When they are asked, most people agree that racism is a problem and maintain that they are not racists—and yet, racism persists throughout society in a wide range of obvious and less obvious ways.
To tackle racism, we first need to understand it.
Nineteenth century biologists and anthropologists loved devising categories, and they attempted to divide the world up into distinct “races”, each of which was conceptualised as being very different to the others.
The term “race” is typically used to refer to people who are different in obvious physical and cultural ways. It is easy to look at, for instance, someone from West Africa and someone from Finland and identify them as belonging to different races. A typical Finn and a typical West African look quite different, and they are from very different cultural backgrounds.
Look at things more closely, however, and it all gets a lot more complicated. Consider, for instance, how people look different as one moves through Europe. Aside from immigrants and their descendants, as one moves south Europeans tend to have darker skin and hair, while as one moves north, they tend to get paler, blonder, and be more likely to have blue eyes. Slip across the Mediterranean Sea, and one finds north Africans who look just like many southern Spanish and Italians. And yet southern Spanish and Italians are considered “white”, while north Africans generally aren’t.
Apartheid South Africa attempted to divide people up into racial categories, denying and granting privileges to South Africans on the basis of the group they belonged to—and they quickly ran into trouble because the reality is that many people simply do not belong clearly to one “race” or another. And then there’s the fact that people who might look similar can be genetically very different. Australian Aboriginal people, for example, share some physical features with many West Africans, but the two populations are extremely different in terms of genetics and history.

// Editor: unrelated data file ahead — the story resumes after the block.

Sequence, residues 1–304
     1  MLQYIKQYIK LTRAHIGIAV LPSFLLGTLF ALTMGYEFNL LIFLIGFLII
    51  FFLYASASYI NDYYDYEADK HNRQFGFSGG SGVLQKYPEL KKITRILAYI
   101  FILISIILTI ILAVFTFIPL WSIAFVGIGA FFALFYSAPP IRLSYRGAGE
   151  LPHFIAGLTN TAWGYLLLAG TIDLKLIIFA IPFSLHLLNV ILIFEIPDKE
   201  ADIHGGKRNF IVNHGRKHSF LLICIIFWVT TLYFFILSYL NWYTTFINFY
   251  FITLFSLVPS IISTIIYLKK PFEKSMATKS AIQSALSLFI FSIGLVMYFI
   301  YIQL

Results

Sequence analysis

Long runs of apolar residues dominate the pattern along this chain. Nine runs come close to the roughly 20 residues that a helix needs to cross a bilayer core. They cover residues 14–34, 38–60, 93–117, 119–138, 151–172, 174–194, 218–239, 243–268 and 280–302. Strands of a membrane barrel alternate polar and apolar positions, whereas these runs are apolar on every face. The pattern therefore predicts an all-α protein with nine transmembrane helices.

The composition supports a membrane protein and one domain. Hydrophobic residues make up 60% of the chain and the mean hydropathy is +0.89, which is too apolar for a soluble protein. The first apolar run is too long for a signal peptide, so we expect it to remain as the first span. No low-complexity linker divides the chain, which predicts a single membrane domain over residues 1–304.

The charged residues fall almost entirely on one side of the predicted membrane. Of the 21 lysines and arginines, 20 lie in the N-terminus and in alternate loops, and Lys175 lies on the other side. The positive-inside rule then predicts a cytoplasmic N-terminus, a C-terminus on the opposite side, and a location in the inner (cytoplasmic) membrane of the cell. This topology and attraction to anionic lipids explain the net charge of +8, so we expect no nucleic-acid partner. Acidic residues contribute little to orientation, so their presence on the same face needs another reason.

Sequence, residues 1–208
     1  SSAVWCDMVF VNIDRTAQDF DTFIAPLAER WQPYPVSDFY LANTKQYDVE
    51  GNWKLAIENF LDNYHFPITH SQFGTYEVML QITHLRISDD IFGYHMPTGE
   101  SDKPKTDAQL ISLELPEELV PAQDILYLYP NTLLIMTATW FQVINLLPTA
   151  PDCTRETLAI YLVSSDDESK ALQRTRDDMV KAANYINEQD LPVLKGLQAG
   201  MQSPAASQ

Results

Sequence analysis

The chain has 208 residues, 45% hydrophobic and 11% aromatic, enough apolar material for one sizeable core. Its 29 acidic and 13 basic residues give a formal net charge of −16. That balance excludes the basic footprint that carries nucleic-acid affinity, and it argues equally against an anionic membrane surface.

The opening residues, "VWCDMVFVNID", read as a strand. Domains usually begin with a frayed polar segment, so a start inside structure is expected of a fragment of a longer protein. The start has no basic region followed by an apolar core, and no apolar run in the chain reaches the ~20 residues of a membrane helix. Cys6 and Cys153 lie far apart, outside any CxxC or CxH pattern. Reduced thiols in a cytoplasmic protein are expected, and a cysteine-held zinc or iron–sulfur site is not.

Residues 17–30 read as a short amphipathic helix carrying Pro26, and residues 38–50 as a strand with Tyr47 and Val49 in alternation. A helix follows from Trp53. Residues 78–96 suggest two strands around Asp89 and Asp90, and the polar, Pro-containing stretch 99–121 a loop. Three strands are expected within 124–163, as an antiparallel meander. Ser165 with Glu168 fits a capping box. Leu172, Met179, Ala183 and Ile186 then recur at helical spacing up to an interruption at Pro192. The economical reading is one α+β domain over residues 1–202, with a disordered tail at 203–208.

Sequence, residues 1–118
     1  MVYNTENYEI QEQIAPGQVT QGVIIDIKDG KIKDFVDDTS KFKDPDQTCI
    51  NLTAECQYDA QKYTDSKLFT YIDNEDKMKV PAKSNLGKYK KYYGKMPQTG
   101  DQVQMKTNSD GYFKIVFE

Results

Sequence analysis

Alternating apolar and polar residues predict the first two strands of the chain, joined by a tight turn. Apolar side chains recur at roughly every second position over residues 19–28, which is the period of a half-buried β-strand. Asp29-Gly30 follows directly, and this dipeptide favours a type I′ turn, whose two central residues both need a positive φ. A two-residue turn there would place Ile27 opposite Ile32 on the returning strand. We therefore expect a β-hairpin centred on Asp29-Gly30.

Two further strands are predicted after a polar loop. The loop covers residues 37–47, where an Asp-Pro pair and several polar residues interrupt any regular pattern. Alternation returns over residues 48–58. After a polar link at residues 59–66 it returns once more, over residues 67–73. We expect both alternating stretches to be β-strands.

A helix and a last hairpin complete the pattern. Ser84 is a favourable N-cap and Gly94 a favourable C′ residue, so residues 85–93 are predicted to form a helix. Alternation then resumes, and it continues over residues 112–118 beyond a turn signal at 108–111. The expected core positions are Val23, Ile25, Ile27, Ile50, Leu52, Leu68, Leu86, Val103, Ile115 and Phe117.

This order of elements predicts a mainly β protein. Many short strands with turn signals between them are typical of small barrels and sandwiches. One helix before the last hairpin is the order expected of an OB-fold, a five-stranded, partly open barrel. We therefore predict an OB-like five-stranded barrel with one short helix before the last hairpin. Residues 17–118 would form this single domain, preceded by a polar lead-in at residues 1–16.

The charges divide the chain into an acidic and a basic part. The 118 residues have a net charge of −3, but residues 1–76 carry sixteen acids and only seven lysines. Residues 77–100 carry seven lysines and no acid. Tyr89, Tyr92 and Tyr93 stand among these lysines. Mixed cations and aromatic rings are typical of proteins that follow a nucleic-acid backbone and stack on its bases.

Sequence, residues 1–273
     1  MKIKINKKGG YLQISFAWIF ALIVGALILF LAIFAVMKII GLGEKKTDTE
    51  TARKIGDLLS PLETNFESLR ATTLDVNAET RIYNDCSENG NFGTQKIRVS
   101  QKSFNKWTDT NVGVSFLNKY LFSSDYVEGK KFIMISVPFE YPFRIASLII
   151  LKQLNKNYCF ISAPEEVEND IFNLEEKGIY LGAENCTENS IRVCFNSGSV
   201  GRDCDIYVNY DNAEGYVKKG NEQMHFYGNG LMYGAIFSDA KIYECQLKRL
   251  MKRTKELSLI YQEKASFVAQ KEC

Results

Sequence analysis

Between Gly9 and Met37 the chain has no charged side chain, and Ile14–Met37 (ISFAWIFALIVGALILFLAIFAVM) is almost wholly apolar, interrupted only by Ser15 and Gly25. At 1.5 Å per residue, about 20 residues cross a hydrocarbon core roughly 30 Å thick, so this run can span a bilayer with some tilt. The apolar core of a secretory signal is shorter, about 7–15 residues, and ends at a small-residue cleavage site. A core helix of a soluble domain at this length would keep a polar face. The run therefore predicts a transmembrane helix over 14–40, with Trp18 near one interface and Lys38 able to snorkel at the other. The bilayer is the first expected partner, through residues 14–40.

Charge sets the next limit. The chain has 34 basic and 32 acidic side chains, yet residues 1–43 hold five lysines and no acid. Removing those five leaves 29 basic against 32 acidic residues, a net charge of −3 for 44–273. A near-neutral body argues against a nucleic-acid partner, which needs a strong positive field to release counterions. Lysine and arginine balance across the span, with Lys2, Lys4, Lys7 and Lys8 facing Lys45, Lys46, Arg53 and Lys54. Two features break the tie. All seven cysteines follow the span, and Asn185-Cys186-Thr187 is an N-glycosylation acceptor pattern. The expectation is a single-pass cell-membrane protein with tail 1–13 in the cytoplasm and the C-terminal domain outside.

However, while the concept of “race” is very difficult to pin down when one looks into it, the reality of racism isn’t. Many people are routinely discriminated against because of the colour of their skin, the texture of their hair, and other physical markers that are thought to mark them out as “different” to a majority population. Even people who consciously go to great effort to eliminate racism from their thinking can be prone to what is known as unconscious bias; numerous studies have shown, for example, that job applicants assumed to be black have CVs rejected at a much higher rate than applicants assumed to be white.
Dealing with racism calls for tackling not just its most overt forms (such as deliberately mistreating someone because of their physical appearance) but also to working in society to mitigate and eliminate the myriad forms of unconscious bias that can impact on the behaviour of even those who genuinely abhor racial discrimination.
WHO CAN I SPEAK TO FURTHER ABOUT THE ISSUES IN THIS ARTICLE?
For help with the issues discussed in this article speak to one of our therapists here at Private Therapy Clinic for a free initial chat or to make an appointment.
Dealing with Racism was last modified: June 18th, 2018 by Private Therapy Clinic
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